Okay, I'll second it. All right. It's been Moved by Councillor Martin and seconded by Councilmember Christiansen All in favor of passages ordinates 2020 dash 24 or eight a on the consent agenda. say aye. Aye. Opposed say nay. All right, that passes unanimously. All right, let's go ahead with I pulled eight See? resolution 2020 dash 39. And I guess my I guess my only concern is I guess my only concern is I understand that the county needs our our health and they need our our our people to enforce their their health department orders. So number one who's going to be enforcing police code before But who would be doing it? And what's the criteria?
airbag counsel Jenny Marsh, assistant city manager. So with the agreement that's before you this evening, this is specific to code enforcement staff who are not peace officers. And this isn't required for the police department to assist. However, the police department and could enforcement are all going to work together as needed to respond to requests from the Boulder County Health Department to look at violations. If you look at section two, under the participating agency responsibilities on page four of that agreement, it's pretty clear that what they're they're not asking us necessarily to act in a law enforcement capacity, but they're really asking us to help.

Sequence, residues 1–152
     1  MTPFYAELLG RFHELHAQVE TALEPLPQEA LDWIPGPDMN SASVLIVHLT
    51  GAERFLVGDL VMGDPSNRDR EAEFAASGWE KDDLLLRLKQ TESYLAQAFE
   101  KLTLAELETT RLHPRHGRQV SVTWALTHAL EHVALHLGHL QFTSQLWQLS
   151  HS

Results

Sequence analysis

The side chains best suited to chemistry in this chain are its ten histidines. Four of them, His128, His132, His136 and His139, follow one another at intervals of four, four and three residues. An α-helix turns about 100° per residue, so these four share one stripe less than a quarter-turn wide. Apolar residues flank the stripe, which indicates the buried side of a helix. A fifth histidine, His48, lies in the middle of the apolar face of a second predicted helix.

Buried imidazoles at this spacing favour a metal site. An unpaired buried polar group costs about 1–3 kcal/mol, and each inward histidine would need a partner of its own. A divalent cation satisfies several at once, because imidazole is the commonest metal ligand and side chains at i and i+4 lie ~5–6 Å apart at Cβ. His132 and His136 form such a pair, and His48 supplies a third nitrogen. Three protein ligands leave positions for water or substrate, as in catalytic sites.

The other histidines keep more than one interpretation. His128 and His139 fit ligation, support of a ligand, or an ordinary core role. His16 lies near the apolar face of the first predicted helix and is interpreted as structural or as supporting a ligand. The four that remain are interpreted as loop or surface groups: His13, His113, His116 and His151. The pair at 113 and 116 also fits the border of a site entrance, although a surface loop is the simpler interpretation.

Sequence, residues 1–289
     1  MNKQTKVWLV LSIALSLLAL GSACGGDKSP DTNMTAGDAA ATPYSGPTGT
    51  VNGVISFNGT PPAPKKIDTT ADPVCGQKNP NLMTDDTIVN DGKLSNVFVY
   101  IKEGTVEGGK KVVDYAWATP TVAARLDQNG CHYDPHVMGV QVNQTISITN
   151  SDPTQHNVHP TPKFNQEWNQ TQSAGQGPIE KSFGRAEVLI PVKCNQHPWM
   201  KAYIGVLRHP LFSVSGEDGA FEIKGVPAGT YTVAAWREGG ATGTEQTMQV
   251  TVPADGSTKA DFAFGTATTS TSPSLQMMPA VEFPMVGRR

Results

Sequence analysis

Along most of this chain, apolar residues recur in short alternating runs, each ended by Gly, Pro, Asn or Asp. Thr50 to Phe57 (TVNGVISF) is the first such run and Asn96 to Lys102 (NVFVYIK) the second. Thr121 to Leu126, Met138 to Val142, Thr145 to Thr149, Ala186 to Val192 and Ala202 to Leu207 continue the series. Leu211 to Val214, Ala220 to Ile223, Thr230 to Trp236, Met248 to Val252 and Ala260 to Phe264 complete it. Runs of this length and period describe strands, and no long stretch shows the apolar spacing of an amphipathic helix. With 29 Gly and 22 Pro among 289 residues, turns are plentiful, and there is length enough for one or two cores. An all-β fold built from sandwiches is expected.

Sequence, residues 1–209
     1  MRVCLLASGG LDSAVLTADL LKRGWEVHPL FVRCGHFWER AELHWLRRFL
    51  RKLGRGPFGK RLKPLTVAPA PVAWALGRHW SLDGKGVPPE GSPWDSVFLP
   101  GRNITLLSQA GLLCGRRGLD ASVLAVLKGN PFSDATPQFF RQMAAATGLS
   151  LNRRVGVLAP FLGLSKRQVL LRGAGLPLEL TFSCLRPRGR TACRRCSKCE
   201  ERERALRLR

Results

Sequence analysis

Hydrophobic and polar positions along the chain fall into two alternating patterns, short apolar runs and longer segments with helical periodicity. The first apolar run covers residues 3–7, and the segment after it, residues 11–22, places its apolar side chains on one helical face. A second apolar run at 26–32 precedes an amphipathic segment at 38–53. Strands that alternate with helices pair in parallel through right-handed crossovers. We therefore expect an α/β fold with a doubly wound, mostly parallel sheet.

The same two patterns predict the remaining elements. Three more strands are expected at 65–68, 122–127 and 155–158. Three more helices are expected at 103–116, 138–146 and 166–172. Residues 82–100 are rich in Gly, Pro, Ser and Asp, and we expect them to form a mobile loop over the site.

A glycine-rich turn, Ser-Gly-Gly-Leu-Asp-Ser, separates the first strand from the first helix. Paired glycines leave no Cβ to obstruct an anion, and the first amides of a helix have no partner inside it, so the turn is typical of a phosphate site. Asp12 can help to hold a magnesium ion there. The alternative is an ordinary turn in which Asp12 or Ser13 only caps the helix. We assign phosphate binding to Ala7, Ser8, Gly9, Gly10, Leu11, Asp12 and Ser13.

Check and basically be eyes on the street to see if the types complaints that they're receiving actually are factual to start with.
So what I'm hearing is that we would only be responding to the county request, but we're not we're forced to it. We're not forced to comply with the requests, nor are we sending in our police is just code enforcement upon the county requesting. Right.
This agreement does, yeah. Anyway, unless they send us and
today, they they've been fairly benign.